As I began my new role, I was given a general idea of things to focus on, but also really encouraged to see where I fit in and take on work that interests me. This is my first big job after graduate school. It’s been interesting and kind of intimidating, but mostly interesting!

Q: How do you enjoy the outdoors today and what is one of your favorite spots in nature?

A: That is a really good but difficult question. Generally, I really like birding. It goes back to my experience in undergraduate and graduate school. I just love watching birds, even if it’s just a pigeon outside, I enjoy watching their behaviors. I feel like I could watch a bird I’ve seen a hundred times before but notice something different about how they forage or move. They always surprise me in some way and I feel like I learn something new every time I go out and bird.

I go hiking and camping a lot. Spending time outdoors moving my body has been very important to me. Nowadays, being able to get some good outside time and just get away from all the distractions, work stuff and daily life has been really good for me. No matter where I go, birds are everywhere and there’s always a bird to watch and learn something new about. That’s the great thing about birds!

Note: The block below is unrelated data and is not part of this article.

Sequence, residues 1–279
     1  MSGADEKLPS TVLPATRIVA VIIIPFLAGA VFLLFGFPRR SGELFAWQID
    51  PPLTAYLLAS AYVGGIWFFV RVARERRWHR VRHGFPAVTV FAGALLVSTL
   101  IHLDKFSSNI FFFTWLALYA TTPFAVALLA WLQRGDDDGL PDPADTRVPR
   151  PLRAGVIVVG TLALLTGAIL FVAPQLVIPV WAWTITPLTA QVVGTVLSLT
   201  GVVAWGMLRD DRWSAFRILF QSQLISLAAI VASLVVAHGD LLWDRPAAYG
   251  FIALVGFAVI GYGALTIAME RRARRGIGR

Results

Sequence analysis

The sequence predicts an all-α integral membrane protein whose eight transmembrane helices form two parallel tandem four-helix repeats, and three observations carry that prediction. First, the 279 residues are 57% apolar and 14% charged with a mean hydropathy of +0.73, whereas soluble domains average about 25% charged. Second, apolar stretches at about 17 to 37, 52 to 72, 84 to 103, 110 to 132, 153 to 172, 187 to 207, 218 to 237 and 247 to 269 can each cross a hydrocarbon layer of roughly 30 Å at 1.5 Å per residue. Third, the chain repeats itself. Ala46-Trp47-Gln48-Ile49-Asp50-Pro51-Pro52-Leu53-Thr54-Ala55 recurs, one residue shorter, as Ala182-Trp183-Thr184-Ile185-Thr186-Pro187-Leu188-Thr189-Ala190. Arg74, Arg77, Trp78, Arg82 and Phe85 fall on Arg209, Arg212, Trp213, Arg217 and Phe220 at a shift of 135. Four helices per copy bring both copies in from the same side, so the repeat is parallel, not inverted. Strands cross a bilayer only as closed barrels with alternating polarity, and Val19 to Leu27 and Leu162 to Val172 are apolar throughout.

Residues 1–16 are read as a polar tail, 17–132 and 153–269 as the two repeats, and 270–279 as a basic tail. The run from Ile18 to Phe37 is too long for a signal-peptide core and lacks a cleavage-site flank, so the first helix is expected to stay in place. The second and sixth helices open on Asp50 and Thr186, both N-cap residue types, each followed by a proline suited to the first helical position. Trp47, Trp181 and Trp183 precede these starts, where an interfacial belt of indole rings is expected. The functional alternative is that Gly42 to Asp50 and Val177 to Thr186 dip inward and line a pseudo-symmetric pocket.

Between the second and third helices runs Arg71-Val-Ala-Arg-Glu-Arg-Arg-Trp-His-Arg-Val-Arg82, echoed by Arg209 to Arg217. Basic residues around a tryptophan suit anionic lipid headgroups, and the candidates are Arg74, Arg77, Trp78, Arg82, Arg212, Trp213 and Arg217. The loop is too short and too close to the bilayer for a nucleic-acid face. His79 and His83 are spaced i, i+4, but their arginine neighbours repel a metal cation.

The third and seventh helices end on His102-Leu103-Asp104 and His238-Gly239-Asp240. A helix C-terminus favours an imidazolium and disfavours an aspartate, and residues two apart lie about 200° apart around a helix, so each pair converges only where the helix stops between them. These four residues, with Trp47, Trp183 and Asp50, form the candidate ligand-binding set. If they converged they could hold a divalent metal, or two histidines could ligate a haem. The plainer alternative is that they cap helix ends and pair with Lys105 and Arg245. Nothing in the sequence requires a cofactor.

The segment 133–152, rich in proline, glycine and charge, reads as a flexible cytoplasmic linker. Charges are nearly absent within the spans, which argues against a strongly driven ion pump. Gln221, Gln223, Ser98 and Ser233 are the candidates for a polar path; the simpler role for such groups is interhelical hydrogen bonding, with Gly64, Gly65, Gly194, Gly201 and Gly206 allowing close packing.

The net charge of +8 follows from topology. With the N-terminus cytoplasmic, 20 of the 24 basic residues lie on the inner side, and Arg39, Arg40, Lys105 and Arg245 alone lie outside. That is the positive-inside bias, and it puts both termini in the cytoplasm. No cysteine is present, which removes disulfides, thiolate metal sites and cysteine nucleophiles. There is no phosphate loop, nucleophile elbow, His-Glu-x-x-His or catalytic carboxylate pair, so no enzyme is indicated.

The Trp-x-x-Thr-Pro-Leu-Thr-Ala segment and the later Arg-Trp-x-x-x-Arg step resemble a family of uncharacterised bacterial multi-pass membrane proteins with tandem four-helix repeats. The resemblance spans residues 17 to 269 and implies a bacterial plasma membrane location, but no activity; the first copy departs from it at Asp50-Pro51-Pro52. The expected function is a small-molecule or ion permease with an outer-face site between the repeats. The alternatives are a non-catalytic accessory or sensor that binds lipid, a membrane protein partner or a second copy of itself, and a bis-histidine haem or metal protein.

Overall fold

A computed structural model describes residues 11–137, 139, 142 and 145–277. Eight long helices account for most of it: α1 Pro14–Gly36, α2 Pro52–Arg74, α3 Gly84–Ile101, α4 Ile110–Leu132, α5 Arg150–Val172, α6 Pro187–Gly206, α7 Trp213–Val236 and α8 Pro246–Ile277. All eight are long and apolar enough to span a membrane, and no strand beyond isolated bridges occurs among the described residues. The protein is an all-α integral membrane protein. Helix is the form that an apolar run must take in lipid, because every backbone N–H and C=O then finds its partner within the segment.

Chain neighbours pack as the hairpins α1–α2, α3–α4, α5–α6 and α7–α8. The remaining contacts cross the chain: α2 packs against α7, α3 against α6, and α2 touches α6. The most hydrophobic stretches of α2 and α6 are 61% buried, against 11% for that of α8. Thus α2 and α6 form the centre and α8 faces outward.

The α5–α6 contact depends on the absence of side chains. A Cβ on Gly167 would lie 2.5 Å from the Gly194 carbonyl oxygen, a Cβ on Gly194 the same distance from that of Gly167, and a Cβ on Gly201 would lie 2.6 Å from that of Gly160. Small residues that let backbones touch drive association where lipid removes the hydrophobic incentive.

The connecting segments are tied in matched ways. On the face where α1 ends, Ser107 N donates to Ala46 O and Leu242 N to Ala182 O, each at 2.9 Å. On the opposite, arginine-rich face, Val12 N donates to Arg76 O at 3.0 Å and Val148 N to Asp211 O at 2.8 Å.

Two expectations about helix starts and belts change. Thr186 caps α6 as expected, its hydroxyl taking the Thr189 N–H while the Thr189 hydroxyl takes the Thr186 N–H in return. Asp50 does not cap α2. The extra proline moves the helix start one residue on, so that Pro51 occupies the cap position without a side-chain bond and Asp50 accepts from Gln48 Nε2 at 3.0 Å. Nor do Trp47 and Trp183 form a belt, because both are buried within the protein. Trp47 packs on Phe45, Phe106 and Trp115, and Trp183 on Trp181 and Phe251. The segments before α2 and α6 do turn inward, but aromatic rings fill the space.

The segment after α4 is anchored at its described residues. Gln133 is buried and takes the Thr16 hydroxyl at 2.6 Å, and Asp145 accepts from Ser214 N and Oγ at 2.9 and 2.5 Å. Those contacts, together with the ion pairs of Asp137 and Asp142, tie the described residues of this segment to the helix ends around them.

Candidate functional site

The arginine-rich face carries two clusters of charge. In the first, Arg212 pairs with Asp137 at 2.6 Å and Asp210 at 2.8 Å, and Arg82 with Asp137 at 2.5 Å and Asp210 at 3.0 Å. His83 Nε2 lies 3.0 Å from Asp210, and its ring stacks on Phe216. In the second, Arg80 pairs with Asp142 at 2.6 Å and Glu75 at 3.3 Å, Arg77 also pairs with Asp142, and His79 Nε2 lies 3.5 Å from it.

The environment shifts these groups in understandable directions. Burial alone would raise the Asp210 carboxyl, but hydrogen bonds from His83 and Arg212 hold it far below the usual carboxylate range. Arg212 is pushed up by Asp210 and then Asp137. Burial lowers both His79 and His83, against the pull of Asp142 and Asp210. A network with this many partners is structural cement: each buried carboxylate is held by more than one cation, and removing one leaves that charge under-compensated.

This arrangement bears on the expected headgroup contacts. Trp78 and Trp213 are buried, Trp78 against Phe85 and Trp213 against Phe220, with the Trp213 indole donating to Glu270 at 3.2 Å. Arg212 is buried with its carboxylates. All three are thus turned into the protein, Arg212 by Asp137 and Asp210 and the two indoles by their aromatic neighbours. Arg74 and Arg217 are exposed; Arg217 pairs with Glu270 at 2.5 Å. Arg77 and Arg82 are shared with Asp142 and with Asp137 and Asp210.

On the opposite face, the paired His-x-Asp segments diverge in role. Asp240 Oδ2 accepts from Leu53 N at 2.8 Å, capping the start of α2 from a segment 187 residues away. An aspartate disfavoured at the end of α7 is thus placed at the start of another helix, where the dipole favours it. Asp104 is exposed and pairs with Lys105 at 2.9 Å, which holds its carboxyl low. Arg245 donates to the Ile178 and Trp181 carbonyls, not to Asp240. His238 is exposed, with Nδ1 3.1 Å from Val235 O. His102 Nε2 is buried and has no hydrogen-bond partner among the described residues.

Q: Looking back on your own journey, what advice would you give someone interested in a career in conservation?

A: One of the big things is that the conservation world is so small. You’ll find that a lot of people know each other, so I think it’s really important to be nice to everyone you meet. You never know when you might cross paths with them again. I think that’s just good general life advice, seems kind of obvious right? Butespecially in a field this small it’s important to be kind and understanding. You’re working with a lot of people from different backgrounds and knowledge levels, so being open to all these diverse perspectives and being kind is something that maybe gets overlooked sometimes but will get you far.